Website design and page loading speeds
The total number of HTML files on each page should be as low as possible although most browsers can multithread. Minimizing HTTP requests is a key to web page loading.
The total number of objects & images should be a reasonable number. Combine, refine, and optimize your external objects. Replace graphic rollovers with CSS rollovers to speed display and minimize HTTP requests. Continue reading
Simple rather than flashy:
The use of multimedia can help you provide all kinds of features making your web pages lifelike and interesting. However, it is advisable to avoid its use if you really want your prospective visitors to gain quick access to your website and obtain the relevant information. It is a good idea to limit flash navigation, which can confuse users if over used. Always make access to your Home page direct from any page.
Focus on speed:
Files with graphic formats should never give users long download times or they will be driven away. Remember search engines find it hard to decipher text embedded in graphics and these features take longer to download. Avoid such things as far as possible. Have a look here for more technical tips on website loading and page design.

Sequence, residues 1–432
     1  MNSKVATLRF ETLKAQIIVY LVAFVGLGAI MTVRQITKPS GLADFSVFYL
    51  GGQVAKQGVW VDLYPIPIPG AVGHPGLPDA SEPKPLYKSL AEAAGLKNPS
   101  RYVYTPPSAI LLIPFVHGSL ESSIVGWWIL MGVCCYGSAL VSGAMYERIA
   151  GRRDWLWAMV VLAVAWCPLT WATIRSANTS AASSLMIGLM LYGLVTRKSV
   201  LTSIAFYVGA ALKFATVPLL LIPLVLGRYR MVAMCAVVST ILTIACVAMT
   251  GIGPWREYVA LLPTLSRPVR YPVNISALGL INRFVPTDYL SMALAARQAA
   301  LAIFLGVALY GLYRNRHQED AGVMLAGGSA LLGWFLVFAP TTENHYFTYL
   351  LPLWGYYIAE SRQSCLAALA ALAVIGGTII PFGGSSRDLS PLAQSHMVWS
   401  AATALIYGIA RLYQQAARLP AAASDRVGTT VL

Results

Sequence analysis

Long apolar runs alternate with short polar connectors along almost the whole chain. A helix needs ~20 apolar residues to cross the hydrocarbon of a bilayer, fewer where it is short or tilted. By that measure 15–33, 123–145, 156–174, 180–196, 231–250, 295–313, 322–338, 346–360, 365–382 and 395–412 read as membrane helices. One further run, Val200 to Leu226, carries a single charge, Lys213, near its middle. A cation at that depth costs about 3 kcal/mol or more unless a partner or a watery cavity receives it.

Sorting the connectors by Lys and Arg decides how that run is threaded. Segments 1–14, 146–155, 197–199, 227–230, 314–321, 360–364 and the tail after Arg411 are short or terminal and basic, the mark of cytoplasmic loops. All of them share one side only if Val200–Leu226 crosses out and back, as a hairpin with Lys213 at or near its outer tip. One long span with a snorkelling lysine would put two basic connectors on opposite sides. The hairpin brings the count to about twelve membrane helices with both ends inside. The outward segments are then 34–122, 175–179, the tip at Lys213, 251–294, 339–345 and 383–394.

Coding should be clean as possible, free of structure and CSS files should be off page where possible.
HTTP compression, otherwise called content encoding using gzip should be considered.
CSS alternate style sheets should be referenced in the HTML but are not actually downloaded until they are needed and therefore reduce the total page size.
The total size of your images should be under 30K. Consider optimising your images for size, combining them, and replacing graphic rollovers with CSS.
The total size of external scripts ideally should not be over 8K. Consider optimising your scripts for size, combining them, and using compression where appropriate for any scripts placed in the HEAD of your documents.
The total size of your external CSS should be under 8K. Optimise your CSS for size by eliminating white space in the code, using shorthand notation, and combining multiple CSS files where appropriate.